We've come a long way: 40 years ago, if you lived as an out-of-the-closet lesbian, you had to be on constant guard. Social services could take away your children on a whim. Your boss would suffer no heat after firing you for the person you loved. Bigots would egg your house. And the state wasn't above using your sexual orientation as the pretext to commit you to a mental institution.
We're still not living in a gay-tolerance paradise, but things have improved. Thanks to the Internet, even men can live as lesbians, as the events of the past week have shown.
As you may have read, the press just outed two men attempting to pass as lesbians online. Media inquiries unmasked the allegedly kidnapped Syrian lesbian blogger Amina Arraf, author of the blog A Gay Girl in Damascus, as Tom MacMaster, a 40-year-old married American graduate student living in Scotland. Amina's dispatches were cross-posted at a lesbian-news blog called Lez Get Real (cached site), which claims to have helped Amina set up her blog. The sleuthing that unmasked MacMaster ultimately led to a similar bust of Ohioan Bill Graber, proprietor of Lez Get Real, who was writing under the name of Paula Brooks.
Sexual disguise is as old as humanity, and posing as a lesbian is merely a natural variant on the practice. It energizes writers as often as it does readers. William Shakespeare roused his audiences—and probably himself—by repeatedly creating female characters who masquerade as men. In Twelfth Night, a woman named Viola who disguises herself as a man becomes the love object of another woman. Meanwhile, Viola is in love with a man who is smitten by that same woman, and he uses Viola as the go-between to advance his designs on her. TheTwo Gentlemen of Verona and The Merchant of Venice both stage less-complicated sexual masquerades, but in As You Like It, Rosalind poses as Ganymede posing as Rosalind. And a female character falls for him/her. At least one scholar theorizes that Shakespeare populated his plays with lesbian characters.
For extra leavening, remember that in the Bard's time, all of his characters were played by males.
When the online world started spreading in the 1980s, it was common for users to don cross-gender disguises in chat rooms, especially with the advent of AOL. Sites like Second Life have made gender blurring only easier, or, I should say, more realistic.
But the urge to change gender and sexual orientations in virtual space is even more curious. Both MacMaster and Graber defend their impersonations on the grounds that, had they voiced the same opinions as men, readers wouldn't have taken them seriously.
As much as I hate to agree with frauds, they're likely right. MacMaster's observations on Syria's mayhem would have been ignored if readers had known he was an American guy in Scotland. And what lesbian among us would have heeded Graber's "Gay Girl's View on the World," the site's motto, if informed that the gay girl doing the viewing was a he?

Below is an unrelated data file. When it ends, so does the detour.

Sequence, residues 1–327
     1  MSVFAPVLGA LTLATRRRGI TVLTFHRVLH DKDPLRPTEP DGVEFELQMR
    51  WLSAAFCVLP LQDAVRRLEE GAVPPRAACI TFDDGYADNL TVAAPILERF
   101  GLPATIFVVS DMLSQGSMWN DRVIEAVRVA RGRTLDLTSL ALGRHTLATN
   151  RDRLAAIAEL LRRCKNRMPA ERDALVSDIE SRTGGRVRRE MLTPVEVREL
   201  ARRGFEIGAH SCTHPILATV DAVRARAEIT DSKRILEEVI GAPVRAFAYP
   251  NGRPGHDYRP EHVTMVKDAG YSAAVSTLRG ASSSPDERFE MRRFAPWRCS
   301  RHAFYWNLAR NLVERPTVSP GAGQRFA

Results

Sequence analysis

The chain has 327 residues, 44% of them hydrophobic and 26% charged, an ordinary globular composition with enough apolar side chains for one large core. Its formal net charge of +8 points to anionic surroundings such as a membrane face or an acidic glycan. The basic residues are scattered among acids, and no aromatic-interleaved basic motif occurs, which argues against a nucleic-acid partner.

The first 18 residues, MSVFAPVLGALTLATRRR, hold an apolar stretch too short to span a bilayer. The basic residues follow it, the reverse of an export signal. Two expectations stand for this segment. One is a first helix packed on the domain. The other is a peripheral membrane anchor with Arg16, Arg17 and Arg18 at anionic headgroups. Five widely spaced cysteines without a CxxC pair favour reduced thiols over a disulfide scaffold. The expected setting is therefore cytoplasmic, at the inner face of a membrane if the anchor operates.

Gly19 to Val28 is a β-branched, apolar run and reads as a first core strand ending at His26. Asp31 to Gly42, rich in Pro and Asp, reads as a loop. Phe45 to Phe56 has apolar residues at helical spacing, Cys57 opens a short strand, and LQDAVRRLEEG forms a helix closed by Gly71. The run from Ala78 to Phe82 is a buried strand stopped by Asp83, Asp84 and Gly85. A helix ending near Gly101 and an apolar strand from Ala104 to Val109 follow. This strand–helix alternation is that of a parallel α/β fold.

If Graber was a petty thief, changing his gender and batting from the other side of the plate to advocate equality for lesbians, MacMaster was a serial forger. He devised an elaborate, exploitative disguise, depositing his Syrian-American "character" 2,500 miles from his home, into a foreign culture where she joined a bloody real-life drama.
"I set Amina up as a lesbian to improve my creative writing quality," he tells the Washington Post. In the mea culpa on his blog, MacMaster explains that he's always wanted to write fiction, but universal rejection led him to conduct "various exercises" on dating sites by conjuring a personality other than his own. Amina Arraf "came alive," he writes, and sort of took over after he created her. She commented on websites, she got her own email address, she subscribed to email lists.
It's a pretty story, but that explanation is as phony as Amina Arraf herself. We tell lies out of boredom or necessity. Additional lies conceal our initial lies, and grander lies follow to maintain our audiences, if we gather one. This is what MacMaster's escalating deceptions were about and not the silliness of Amina coming alive. Unwilling to confess his fakery, he piled it even higher.
According to the Guardian, MacMaster exchanged 1,000 emails with a French-Canadian woman who believed she was having a romantic relationship with Amina. How deceiving this woman was supposed to advance MacMaster's literary art, I'm not quite sure. He also stole the photograph of a London woman named Jelena Lecic, called it a shot of Amina, and put it on his Gay Girl in Damascus blog. And he sketched Amina's first-person account of coming out: "And next thing, I know, I kiss her on the mouth, and she kisses me back and we're kissing, kissing like we've both been hungering for a long time. I feel her hands on my bare back squeezing me closer to her, and then I feel her touching my breasts; my nipples tingle."
This isn't creative writing. This is soft porn. Or online masturbation.